FLOWING TO THE CHALLENGE: Process media’s top obstacles

Turning process goals into efficient systems is the art of being intentional

As aspirational and leading edge as process engineers may want to be, the physical reality – and economic constraints – of handling materials is unavoidable. To anticipate the challenges ahead, Kinetics’ globally deployed teams’ start at the beginning with system design.

These systems comprise chemical and blend delivery, slurry delivery, gas and UPW and water purification systems as well as valve manifold boxes.  Across varied-but-connected design requirements are five guiding principles that put a sense of focus and intention at the center.

Principle #1: Safety, safety, and more safety.

The environmental integrity of media distribution systems – including operator and facility staff protection – are always a concern. Sometimes, intervention is needed to correct a problem. Here, ongoing situational awareness training for all staff is critical, as are buddy-system contingencies.

Principle #2: Performance metrics are the start, middle, and end.

Often, the impossible trinity of “faster-better-cheaper” is embedded in the expectations surrounding a step, stage, line or entire plant. Experience dictates that pinnacle metrics of any of these need to be dialed back by 2-7% to account for variances in materials, operating conditions, and control.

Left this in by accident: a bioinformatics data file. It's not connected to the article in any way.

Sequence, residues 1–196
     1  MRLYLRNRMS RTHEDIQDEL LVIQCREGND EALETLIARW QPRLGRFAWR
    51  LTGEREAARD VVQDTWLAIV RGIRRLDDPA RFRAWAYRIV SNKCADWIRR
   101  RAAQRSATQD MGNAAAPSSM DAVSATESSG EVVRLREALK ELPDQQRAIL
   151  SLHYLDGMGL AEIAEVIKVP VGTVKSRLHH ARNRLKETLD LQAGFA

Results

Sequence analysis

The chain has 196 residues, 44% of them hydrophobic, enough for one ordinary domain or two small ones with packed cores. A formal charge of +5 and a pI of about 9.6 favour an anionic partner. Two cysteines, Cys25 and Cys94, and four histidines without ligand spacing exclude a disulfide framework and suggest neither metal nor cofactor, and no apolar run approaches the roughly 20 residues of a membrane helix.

Principle #3: Avoid the assumption of too much system stability.

This has nothing to do with the efficacy of the design, quality of components, or competence of installation. Even with recently- or regularly-qualified materials, a combination of minor variances can affect output levels and quality. This requires system thinking, SWOT or GAP analysis, as well as contingencies attached to the team’s findings.

Principle #4: Triple-check the thinking around process control.

Even as artificial intelligence looms on the horizon, the ability of more sophisticated sensors, valves, temperature management, pressure level, and other controls to meet process goals has its limits. Determining the right balance between process and monitoring automation in harmony with operator intervention must be documented and defensible.

Principle #5: Assess the line’s agility and adaptability.

Dedicated systems must, intrinsically, carry some elasticity to adapt to even the slightest variances in the operating environment. Materials technology advances test the ability of any process to adapt and flow with changes. This capability must be designed into the initial system and calls for the extended team’s expertise to be evaluated on the basis of ability to anticipate and respond. This applies to both internal staff and outside contractors.

Email sales@kinetics.net to learn more about Kinetics’ ability to supply Process Media Distribution Systems.